Next week, the House is expected to take up the National Defense Authorization Act (NDAA). It is expected that Rep. Jeff Denham’s (R-CA) Encourage New Legalized Immigrants to Start Training, or “ENLIST,” Act (H.R. 2377) will be added as an amendment to NDAA.
ENLIST Act would allow DREAMers—unlawful immigrants brought to the U.S. as minors—to acquire lawful permanent resident (LPR) status in exchange for military service. Exchanging military service for amnesty is wrong. It undermines the rule of law and encourages future unlawful immigration. This proposal would add insult to injury by politicizing the NDAA.
Washington lawmakers are pushing for a House vote on legislation (H.R. 435 and H.R.2377) that would grant amnesty to those living in the United States illegally in exchange for military service. Having served in the United States Marine Corps, I can attest that this is a misguided approach. Amnesty is wrong and undermines the rule of law by encouraging future unlawful immigration. This proposal would add insult to injury.
Background. In response to the surge of activist protest in the wake of the Senate-passed “Gang of 8” amnesty package, many members of Congress have come to understand that immigration reform should not be enacted given the current administration’s lawlessness. Nonetheless, since the last round of “piecemeal” amnesty proposals were thwarted in the House earlier this year, a bipartisan coalition has been angling to keep amnesty possibilities alive. Two new pieces of legislation have recently entered the debate: Representative Mike Coffman’s (R-CO) Military Enlistment Opportunity Act (H.R. 435) and Representative Jeff Denham’s (R-CA) Encourage New Legalized Immigrants to Start Training, or “ENLIST,” Act (H.R. 2377). These bills would allow DREAMers—unlawful immigrants brought to the U.S. as minors—to acquire lawful permanent resident (LPR) status in exchange for military service.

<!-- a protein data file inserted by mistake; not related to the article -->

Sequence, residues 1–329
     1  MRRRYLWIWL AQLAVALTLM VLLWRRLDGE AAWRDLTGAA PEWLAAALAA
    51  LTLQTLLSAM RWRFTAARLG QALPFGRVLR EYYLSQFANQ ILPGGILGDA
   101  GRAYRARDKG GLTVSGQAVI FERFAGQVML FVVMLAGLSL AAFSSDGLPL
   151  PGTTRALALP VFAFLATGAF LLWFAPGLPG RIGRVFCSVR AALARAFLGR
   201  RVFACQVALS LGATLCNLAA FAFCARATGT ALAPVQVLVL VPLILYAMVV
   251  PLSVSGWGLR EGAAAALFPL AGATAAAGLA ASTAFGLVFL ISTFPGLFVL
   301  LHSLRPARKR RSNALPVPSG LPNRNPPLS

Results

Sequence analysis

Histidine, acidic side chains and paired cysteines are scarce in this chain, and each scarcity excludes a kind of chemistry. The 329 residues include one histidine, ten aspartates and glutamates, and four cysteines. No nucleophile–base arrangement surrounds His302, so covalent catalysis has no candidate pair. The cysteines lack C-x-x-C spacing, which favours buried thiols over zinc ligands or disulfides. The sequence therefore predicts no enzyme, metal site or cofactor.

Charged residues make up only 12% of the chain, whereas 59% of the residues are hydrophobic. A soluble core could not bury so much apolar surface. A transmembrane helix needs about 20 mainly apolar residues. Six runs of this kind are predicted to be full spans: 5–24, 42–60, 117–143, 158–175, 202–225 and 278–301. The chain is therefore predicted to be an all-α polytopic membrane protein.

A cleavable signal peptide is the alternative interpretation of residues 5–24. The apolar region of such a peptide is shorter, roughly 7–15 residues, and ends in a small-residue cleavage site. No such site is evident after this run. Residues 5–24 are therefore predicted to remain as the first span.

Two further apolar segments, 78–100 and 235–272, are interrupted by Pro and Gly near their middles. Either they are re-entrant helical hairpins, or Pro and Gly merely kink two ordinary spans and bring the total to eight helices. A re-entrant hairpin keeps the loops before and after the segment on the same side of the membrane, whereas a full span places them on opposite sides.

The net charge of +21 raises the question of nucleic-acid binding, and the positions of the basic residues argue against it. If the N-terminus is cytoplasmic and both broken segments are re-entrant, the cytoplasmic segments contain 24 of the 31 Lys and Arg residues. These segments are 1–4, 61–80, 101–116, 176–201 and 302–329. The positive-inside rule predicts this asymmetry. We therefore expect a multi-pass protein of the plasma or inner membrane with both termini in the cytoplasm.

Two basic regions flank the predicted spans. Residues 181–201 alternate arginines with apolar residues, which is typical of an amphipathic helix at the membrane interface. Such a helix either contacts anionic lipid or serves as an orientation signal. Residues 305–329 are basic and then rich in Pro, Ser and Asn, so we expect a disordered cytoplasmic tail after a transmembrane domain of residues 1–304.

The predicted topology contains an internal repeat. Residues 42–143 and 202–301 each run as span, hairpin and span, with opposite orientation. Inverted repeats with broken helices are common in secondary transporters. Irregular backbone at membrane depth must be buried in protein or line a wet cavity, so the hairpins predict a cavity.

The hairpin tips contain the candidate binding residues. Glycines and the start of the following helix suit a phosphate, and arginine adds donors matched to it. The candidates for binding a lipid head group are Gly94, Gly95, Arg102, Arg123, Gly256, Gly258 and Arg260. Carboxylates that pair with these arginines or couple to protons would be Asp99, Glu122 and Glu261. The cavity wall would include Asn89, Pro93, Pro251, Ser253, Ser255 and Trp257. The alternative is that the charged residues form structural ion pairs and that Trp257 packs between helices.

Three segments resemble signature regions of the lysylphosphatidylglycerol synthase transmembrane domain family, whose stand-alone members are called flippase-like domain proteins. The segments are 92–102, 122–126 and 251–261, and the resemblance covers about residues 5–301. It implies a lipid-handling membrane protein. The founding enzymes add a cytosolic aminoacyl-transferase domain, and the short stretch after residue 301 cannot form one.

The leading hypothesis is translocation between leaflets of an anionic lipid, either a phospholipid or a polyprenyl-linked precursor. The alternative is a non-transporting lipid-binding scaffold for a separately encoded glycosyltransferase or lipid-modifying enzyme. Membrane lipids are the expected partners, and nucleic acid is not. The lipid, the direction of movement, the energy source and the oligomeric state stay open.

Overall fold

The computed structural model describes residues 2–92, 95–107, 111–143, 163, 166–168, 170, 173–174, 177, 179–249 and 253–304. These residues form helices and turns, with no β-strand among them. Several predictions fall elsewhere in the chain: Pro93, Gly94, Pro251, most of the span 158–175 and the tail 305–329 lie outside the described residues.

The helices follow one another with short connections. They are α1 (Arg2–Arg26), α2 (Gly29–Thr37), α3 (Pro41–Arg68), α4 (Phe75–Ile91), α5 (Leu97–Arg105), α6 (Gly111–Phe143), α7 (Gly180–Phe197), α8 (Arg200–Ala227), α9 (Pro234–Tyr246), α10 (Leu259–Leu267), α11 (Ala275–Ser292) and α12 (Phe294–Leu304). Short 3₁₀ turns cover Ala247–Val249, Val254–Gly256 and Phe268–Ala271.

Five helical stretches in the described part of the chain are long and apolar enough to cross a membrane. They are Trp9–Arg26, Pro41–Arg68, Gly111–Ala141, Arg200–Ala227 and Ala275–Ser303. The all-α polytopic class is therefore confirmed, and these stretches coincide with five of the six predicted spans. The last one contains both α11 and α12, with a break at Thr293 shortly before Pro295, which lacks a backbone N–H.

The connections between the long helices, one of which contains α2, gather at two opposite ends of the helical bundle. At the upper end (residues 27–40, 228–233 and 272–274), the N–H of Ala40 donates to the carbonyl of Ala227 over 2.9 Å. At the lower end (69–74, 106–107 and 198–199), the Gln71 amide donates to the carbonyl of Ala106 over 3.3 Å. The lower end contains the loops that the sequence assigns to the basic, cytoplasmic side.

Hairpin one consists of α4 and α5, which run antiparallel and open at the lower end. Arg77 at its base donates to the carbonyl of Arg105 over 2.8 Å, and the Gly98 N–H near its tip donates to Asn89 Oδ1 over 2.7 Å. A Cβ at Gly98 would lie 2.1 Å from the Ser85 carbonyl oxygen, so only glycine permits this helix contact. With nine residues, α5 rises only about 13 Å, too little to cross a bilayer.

House Democrats are promoting a discharge petition to force a vote on the Senate’s amnesty bill, and they’re not likely to get enough Republican support — 218 signatures — for it to work. But there is no shortage of pressure from outside groups for Congress to make amnesty law. In a moment of pure candidness, Chris Newman, general counsel for the National Day Laborer Organizing Network (NDLON), recently stated:
The best way for a good [immigration] bill to pass this year is for the president to use his legal authority to reduce deportations and expand protections for illegals. That would compel House Republicans to come to the table in good faith.
In other words, Newman is asking President Obama to legislate unilaterally to protect illegal immigrants, until Republican lawmakers, having seen the error of their ways, vote for a bill that would make amnesty the law of the land.